“The review, which sent Didi’s share price plunging when it was first announced after the company’s $4.4bn US initial public offering earlier this month, marks the first time the secretive Ministry of State Security has publicly announced it will temporarily base staff inside a company.”
“The Cyberspace Administration of China, the regulator in charge of co-ordinating the cyber security review on Didi, said on Friday the probe would also involve the police, tax authorities, the market competition regulator, as well as industry regulators for natural resources and transport. ‘The announcement of which agencies are involved is a warning shot to other companies that you don’t mess with national security but it’s also an attempt by Beijing to make the review process more transparent,’ said Feng Chucheng, tech analyst at consultancy Plenum.ai.”
“The scale of the investigation into Didi, which the CAC announced two weeks ago, is likely to further frighten investors in Chinese tech stocks and dampen appetite for the country’s offshore IPOs.”
“The CAC followed up the security review into Didi with a raft of punitive measures that sent its share price down 20 per cent over the week following its IPO. The agency also proposed new rules banning companies with more than 1m users from listing abroad until they had received official permission after undergoing a security review.” Yuan Yang reports.
Saudi PIF and China’s COSCO Buy 40% Stake in Red Sea Terminal
“Saudi Arabia's sovereign wealth fund, the Public Investment Fund, and Hong Kong-based Cosco Shipping Ports completed the acquisition of a 40 per cent stake in the Jeddah-based Red Sea Gateway Terminal.”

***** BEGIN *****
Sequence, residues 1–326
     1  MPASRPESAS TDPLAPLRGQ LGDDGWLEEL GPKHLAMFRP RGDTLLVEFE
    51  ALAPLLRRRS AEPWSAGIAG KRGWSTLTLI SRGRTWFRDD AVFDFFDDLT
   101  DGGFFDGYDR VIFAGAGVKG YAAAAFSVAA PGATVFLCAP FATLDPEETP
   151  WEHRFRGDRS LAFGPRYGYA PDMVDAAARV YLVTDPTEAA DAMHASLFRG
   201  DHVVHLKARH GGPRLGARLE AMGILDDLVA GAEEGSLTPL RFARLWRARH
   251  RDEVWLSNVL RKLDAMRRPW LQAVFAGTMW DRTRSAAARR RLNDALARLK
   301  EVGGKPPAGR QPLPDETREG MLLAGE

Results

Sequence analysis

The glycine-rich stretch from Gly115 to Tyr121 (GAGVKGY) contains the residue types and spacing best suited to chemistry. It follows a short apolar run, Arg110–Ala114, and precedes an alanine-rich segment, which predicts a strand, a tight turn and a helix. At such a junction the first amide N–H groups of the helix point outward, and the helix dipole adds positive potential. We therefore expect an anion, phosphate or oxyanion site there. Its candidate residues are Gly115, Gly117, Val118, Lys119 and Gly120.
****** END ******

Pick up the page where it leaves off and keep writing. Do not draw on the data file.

“The two entities each bought a 20 per cent share in the company that owns the terminal for $280 million. Saudi Industrial Services Company has sold a 21.2 per cent stake for 556.5 million Saudi riyals ($148.4m), it said in a separate statement. However, it will retain a 36.36 per cent shareholding in the terminal operator.”
“The transaction will bring global shipping expertise through Cosco to the Jeddah-based operator and help boost its business volumes, RSGT said in a statement. ‘Both new shareholders will help drive future growth on seaside and landside logistics,’ the company said in a statement.”
"‘Working closely with PIF and CSPL, we will accelerate our shared vision, further strengthen our customer offering, and elevate our mandate to meet the increasing demand for terminal and logistics services,’ said Jens Floe, chief executive at RSGT.” Jennifer Gnana reports.
Xiaomi Overtakes Apple To Become Second Biggest Phonemaker
“Xiaomi Corp. has become the world’s second biggest smartphone maker over the past quarter following an 83% jump in shipments, according to preliminary estimates by Canalys.”
“This marks the first occasion that Xiaomi, the Chinese maker of everything from rice cookers to gaming monitors, has broken into the top two, historically dominated by Samsung Electronics Co. and Apple Inc. Samsung had a 19% share in the second quarter, Xiaomi had 17% and Apple was at 14%, according to the research firm’s data. Shares of Xiaomi rallied as much as 4.1% on Friday, the best performer on Hong Kong’s benchmark Hang Seng Index.”
“Huawei Technologies Co. had briefly disrupted the rankings, until sanctions cut it off from essential chip supplies last year. Its withdrawal from the highly competitive smartphone market pushed other Chinese vendors to spend aggressively on new hardware and upgrades.”
“Xiaomi was particularly active, launching two flagship devices within the first four months of the year. Its Mi 11 Ultra device features one of the largest camera sensors in a smartphone to date, underscoring the firm’s ambition to push up into the premium pricing range.” Vlad Savov reports.